Gilliland also points out the importance of this relationship (endorsed by similar studies) when it comes to considering how a person’s hypersexuality should be treated.

EFFECTS AND TREATMENT: Whilst the sexual activity associated with erotomania may bring temporary relief from emotional pain and suffering, this tends to be heavily outweighed by the negative effects of sexual addiction. The first port of call for the sufferer of erotomania is usually the GP (in the UK). However, because of the sensitive nature of the subject, some prefer to initially see an expert in sexual therapy.


As we saw above, one reason why those who have suffered childhood trauma may become addicted to sex is that the act of sex helps them to ‘blot out’, or make themselves feel ‘numb to’, or ‘dissociate’ from unbearable emotional pain connected to their early life experiences (for example, those who have suffered severe childhood trauma may go on to develop borderline personality disorder and a major symptom of this condition is a propensity to develop addictions – including sex addiction). Indeed, because most people who suffer from sex addiction are generally unwilling to discuss their problem with others, the fact that they are suffering from it only becomes apparent when they develop a trusting relationship with a therapist who they initially went to see for help with other addictions such as alcoholism or drug abuse.

Alternatively, they may have initially gone to see their therapist in order to seek treatment for depression, anxiety or low self-esteem (all of which are also more common in those with a history of childhood trauma). Currently, sexual addiction is regarded as being similar in nature to addiction to chemical substances because the act of sex seems to have a similar ‘numbing’ effect (see above) on feelings of mental anguish (however, it should be noted that, as a discrete condition, ‘sex addiction’ is not yet  (at the time of writing) included in the Diagnostic And Statistical Manual Of Mental Disorders. Sexual addiction can manifest itself in a number of ways, including :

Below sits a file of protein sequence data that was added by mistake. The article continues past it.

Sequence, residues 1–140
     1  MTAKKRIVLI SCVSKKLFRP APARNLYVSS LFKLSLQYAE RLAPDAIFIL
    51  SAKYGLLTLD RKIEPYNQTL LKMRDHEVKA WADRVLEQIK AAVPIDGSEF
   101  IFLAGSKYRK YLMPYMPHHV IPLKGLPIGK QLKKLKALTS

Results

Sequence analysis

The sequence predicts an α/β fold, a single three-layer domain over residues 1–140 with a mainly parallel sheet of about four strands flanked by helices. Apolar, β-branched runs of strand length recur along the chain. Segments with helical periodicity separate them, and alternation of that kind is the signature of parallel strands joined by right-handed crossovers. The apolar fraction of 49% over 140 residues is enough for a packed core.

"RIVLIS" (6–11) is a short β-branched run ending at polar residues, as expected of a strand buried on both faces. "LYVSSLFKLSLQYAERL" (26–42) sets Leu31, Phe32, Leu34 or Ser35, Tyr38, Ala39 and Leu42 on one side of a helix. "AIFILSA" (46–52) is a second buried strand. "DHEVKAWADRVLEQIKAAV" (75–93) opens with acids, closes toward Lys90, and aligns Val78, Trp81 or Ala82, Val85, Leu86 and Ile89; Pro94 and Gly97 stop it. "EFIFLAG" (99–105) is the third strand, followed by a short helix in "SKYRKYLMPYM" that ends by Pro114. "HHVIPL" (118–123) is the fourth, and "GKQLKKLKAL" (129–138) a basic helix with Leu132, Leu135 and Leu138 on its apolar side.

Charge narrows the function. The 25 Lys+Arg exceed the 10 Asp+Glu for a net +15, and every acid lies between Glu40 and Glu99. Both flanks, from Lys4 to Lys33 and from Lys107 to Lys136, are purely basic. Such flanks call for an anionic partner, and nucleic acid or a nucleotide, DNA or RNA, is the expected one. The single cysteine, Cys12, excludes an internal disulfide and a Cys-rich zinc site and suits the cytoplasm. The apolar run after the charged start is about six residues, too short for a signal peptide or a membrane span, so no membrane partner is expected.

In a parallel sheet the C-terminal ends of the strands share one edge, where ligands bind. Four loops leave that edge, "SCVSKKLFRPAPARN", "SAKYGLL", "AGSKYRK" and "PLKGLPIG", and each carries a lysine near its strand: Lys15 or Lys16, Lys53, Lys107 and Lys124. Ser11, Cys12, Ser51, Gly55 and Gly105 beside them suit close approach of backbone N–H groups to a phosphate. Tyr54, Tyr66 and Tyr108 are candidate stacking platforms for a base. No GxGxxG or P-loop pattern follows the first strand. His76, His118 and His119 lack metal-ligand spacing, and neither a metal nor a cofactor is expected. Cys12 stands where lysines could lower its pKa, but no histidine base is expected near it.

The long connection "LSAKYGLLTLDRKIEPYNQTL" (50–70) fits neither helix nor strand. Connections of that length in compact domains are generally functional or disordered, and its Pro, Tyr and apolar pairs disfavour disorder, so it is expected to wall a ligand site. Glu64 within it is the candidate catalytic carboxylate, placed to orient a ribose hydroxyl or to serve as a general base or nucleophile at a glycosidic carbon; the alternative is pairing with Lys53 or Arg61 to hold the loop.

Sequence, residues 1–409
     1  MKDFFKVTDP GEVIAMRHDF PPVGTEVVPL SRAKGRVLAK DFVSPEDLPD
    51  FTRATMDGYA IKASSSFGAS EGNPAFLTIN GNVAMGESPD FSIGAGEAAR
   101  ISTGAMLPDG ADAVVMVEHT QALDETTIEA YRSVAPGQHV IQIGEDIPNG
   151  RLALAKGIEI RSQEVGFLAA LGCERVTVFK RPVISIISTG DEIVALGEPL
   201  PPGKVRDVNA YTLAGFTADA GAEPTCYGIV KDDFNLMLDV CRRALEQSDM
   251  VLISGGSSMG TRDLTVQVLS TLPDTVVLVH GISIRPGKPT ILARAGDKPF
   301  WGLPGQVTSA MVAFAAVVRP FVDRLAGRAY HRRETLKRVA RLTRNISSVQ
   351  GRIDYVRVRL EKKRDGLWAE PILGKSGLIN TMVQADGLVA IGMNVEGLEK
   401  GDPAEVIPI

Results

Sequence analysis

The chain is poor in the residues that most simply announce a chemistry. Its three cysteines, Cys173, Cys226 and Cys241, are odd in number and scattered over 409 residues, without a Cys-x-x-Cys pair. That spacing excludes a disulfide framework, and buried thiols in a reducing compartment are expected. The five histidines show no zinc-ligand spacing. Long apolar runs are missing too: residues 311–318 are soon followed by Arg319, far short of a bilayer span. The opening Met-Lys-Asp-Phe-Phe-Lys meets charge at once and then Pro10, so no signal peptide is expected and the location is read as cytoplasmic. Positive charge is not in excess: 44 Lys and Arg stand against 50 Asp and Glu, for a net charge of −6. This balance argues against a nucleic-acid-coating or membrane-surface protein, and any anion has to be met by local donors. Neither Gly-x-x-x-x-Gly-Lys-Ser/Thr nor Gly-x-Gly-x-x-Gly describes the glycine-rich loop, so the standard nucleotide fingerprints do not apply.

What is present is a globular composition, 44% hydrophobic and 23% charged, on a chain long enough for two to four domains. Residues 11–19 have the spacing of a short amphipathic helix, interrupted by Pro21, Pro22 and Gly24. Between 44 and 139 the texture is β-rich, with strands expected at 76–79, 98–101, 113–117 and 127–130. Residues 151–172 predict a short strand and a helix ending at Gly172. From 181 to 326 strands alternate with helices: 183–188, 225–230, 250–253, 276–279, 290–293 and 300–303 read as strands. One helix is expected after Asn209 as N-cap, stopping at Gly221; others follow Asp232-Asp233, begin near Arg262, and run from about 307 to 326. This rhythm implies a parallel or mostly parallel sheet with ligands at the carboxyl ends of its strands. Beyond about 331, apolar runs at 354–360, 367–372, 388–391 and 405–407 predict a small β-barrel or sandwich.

• Voyeurism
  • Exhibitionism
  • Fantasies
  • Internet Pornography
  • Sadomasochism
  • Compulsive use of prostitutes

In fact, sexual addiction is NOT the same as simply having a high sex drive (indeed, a high sex drive can be a sign of good psychological health) but involves a compulsive quality that brings about negative results (for the sufferer, those s/he comes into contact with or both). Sexual addiction can seriously, adversely impact upon the individual’s quality of life. For example, it may :

  • cause financial problems
  • result in the spreading of sexually transmitted diseases
  • lead to legal problems
  • impair relationships

Once a person suffering from sex addiction recognizes that s/he has a problem that is significantly spoiling his/her quality of life, seeking help from a therapist can be very helpful. Confiding in a trusted, accepting, empathetic therapist can help to reduce feelings of shame related to the addiction and the therapist can provide advice about how to avoid triggers and how to develop healthier and more functional coping mechanisms to deal with negative feelings. Therapies used to treat sex addiction include cognitive behavioural therapy and psychodynamic therapy (the latter may be more appropriate when the problem is clearly related to childhood issues).